No matter who wins this year, we lose

Trump speaking June 23 (Reuters)

For the past two years, the United States has been torn by partisan warfare unprecedented in most of our lifetimes. But compared with what we can expect after the midterm elections, this will look like a period of relative calm and tranquility. This will be particularly true if Democrats take control of the House.

The minute the polls close, President Donald Trump and the prospective Democratic presidential candidates will be liberated to begin their campaigns for the 2020 election. This full engagement will create an imperative for both Trump and the Democrats to heighten their differences. The result will be that an already toxic political environment will become even more poisonous.

While the results from the 2016 election should give anyone pause about making predictions, here is what years of working in national politics leads me to believe will happen next:

The incoming class of Democratic members in the House will be among the largest and most consequential since the Watergate class of 1974, and will usher in the most significant generational, gender, racial and ideological transformation in more than 40 years. These newly elected members will put added pressure on the Democratic Party to pursue a more aggressive liberal policy agenda to take on Trump and the Republicans.

The presidential primary process will almost certainly push the party even further to the left. A large field of prospective candidates will begin a race to establish their bona fides and make a case to lead the resistance. They will compete for the votes of a Democratic community that is angry, energized and looking for a leader who is prepared to draw stark policy contrasts with Trump and his administration on economic, environmental and social issues. These activists’ influence will be greater than in the past because of several factors, including the front-loading of the California primary in early March and changes to the party’s nominating process that diminish the influence of superdelegates.

Trump can be expected to begin a purge of his Cabinet and staff that will enable him to pursue a more muscular nationalistic agenda. He has been waiting for the conclusion of the midterm elections to dump many of his zombie Cabinet and staff members and replace them with loyalists who will “let Trump be Trump.” This sweep is likely to be broad and deep and go well beyond his chief of staff and attorney general.

Meanwhile, a democratic takeover of the House would lead to two years of investigations, public hearings and the possible impeachment of Trump. Both Democrats and Trump will embrace these investigations as a way to energize their respective bases for the upcoming election.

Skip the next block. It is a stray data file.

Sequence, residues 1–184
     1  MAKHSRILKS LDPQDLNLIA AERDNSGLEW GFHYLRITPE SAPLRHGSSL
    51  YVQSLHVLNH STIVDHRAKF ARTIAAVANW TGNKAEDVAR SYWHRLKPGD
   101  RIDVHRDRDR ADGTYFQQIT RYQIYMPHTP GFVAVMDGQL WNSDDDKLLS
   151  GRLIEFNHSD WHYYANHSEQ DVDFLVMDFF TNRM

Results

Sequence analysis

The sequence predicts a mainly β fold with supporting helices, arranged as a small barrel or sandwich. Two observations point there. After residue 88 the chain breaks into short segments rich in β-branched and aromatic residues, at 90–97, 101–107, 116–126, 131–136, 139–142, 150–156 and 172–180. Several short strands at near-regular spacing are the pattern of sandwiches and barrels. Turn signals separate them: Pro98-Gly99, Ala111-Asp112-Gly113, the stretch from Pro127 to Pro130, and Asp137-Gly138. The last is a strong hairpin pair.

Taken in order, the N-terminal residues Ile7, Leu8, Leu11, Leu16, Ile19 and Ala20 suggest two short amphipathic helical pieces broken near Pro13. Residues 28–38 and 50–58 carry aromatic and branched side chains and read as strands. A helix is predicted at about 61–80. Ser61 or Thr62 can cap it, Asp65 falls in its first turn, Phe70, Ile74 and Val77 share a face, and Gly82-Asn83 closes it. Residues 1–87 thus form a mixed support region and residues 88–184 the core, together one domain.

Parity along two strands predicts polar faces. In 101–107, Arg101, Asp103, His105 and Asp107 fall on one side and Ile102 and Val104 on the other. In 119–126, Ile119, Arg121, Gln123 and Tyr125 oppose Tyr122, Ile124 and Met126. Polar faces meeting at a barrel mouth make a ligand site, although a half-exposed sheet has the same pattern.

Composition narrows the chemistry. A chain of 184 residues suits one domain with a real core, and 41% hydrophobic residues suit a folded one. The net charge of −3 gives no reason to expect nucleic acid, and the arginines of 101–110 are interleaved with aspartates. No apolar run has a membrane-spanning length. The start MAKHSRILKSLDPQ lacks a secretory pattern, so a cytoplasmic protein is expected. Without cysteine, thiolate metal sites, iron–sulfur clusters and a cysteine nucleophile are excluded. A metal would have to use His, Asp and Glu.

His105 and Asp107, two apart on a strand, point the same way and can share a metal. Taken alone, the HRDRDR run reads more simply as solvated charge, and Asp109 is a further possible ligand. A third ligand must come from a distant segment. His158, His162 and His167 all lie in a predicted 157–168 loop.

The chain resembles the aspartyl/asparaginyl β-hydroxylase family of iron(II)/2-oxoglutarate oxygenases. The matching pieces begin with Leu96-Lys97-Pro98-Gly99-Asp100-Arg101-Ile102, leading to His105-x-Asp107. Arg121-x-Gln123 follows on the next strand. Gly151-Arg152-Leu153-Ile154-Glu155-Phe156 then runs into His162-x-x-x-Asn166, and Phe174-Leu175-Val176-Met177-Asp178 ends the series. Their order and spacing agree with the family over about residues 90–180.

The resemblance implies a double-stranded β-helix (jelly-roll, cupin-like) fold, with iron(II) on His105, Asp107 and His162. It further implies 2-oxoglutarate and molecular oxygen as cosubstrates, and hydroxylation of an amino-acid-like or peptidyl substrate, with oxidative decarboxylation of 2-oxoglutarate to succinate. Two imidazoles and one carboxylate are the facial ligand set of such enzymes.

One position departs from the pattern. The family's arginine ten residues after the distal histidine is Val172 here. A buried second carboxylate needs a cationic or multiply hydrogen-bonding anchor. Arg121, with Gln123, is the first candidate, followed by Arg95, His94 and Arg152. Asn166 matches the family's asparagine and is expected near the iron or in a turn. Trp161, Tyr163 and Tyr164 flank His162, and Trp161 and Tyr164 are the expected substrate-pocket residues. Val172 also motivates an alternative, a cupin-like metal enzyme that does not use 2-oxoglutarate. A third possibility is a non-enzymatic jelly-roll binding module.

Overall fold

A Democratic House would give Trump a foil to once again portray himself as an outsider taking on Washington. He has always defined himself by focusing on who and what he is fighting against. Liberated from having to make excuses for the failings of a Republican-led Congress, he will be able to reframe his presidency and reelection campaign as a fight against Washington and the leadership of Nancy Pelosi.

Trump will increase his dominance over Republican members in the next Congress, as their ranks have been purged of many who haven’t fully supported him. More than 40 Republican House members have retired this cycle, including the speaker and 10 committee chairmen. Three of Trump’s biggest Republican adversaries -John McCain, Jeff Flake and Bob Corker in the Senate – won’t be in in the next Congress. With these departures and likely electoral defeats this November, there will be more than 400 years of Republican seniority departing this Congress.

Trump’s hostile takeover of the GOP, and his legal vulnerabilities, will likely lead to a 2020 Republican primary. Unlike other sitting presidents, the heavily favored Trump will embrace a primary as a way to further define himself while attacking the opposition. A primary would give Trump the opportunity to energize his base by pursuing his red-meat nationalist message against a more mainstream and measured primary opponent.

Over the next two years, these series of actions will all feed off each other, fundamentally altering the tone and tenor of the presidential election. Oddly enough, the outcome of the midterms will incentivize Trump and the Democrats to rely on the same tactics to distinguish themselves: greater acrimony, more extreme positions and continued efforts to define themselves in stark terms. Before it’s all over, the American public is going to wish for what will seem like the temperate days of political restraint shown by the parties during the first two years of the Trump presidency.

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